#### pH notation and Buffer solution, Chemistry tutorial

Definition of pH:

pH can be simply be stated as the potential of hydrogen in a system. It exhibits the extent of acidity and basicity of a system under investigation.

Mathematically, pH is stated by sir Sorensor as the negative logarithm to base 10 of [H+].

That is, pH = - log [H+].

The only source of H+ is as an outcome of dissociation of water in which equivalent concentration of H+ and OH- are products.

H2O ↔ H+ + OH-

Water experiences self ionization termed as autoprotolysis in which, it acts as both acid and base.

H2O + H2O ↔ H3O+ + OH+

The autoprotolysis constant is equilibrium constant, KW, termed as the ionic product of water.

Kw = [H+][OH+]

This is for all time equivalents to 1.0 x 10-4 at 25oC

Taking log of both side, provides

log Kw = log [H+] + log [OH-]

- log Kw = - log [H+] + - log [OH-]

- log Kw = pH + pOH

pKw = pH + pOH

However at 25oC, pH = 7 and pOH= 7

Therefore, - log Kw = 14.00

That is, log10 = -14 or KW = 10-14

NB: The (-) negative sign is an indication that, concentration encountered is less than 1.0 M.

pKw = pH + pOH = 14.00

pH Scale:

A universal pH scale place the pH of most solution in the range 0.0 - 14.0. This must not provide an illusion that it is not possible to have negative pH (- pH). It simply means that the concentration hydrogen is more than 1M. This is attainable in concentrated solution of strong acid like HCl and H2SO4. Fig: pH Scale-Acidity and Alkalinity

NB-N= Neutrality

Measurement of pH:

pH is measured by a glass electrode. A glass electrode is the ion-selective electrode. This is extremely sensitive. The pH sensitive portion of the electrode is thin glass membrane which culminates in the slope of a bulb.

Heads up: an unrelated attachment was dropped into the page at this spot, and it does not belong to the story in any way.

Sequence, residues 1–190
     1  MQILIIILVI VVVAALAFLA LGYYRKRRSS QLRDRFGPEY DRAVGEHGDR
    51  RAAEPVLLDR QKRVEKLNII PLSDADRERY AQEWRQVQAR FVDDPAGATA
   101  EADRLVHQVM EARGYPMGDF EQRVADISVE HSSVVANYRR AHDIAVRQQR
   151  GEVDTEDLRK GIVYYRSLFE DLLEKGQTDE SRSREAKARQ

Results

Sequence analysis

Most of the metal cation is positioned in the hydrated gels area of the metal membrane. These metals diffuse to the solution and are substituted by H+ in the solution in ion-exchange equilibrium. The more the H+ in solution, the more H+ ions are bound to the surface of glass.  The operation of glass electrode is symbolized as:

E = Constant + β (0.05915 log AH+ (outside)/AH+ (inside) at 25oC

Here 'β' is the electromotive efficiency = 1.00 or 0.9 8 and constant is termed as asymmetry potential.

pH at Elevated Temperature:

The major factor which finds out the real pH of a system is temperature. At high temperatures in a fluid system, the pH turns out to be high. Not only does pH influence the ionization of water in the body system, it as well changes the pH of a neutral solution to around 7.4, thus influencing the ionization constant of the acid and bases from which the buffer system is derived.

Buffer Solution:

A buffer solution can be stated as a solution which resists changes in pH whenever small amount of acid or base is added or whenever dilution takes place. Buffer solution consists of a mixture of a weak acid and its salt or a weak base and its salt.

Consider the acid HA undergoing dissociation under the equilibrium condition:

HA ↔ H+ + A-

Ka = [H-] [A-]/[HA]

log Ka = log [H-] [A-]/[HA] = log [H+] + log [A+]/HA

- log H+ = log Ka + log [A+]/[HA]

pH = PKa + log [salt]/[Acid]

The above is the Henderson- Hasselbalch equation

Buffer Capacity:

This is simply stated as the maximum amount of an acid or base which can be added to a buffer system devoid of causing a change or appreciable change in the pH of a system.

It will be noted that the buffering procedure for a mixture of a weak acid and its salt can be described as governed by log ratio of salt and acid.

pH = constant + log [A-]/[HA]

Whenever a solution is de-ionized, the ratio of pH remains constant. If a small quantity of strong acid is added, it will join with an equivalent amount of A- to convert it to HA.

The ratio of [A1] [HA] is small; therefore the change in pH is small, whereas if strong base is added it combines with [HA] to form an equivalent amount of A-. Again the change of pH is small.

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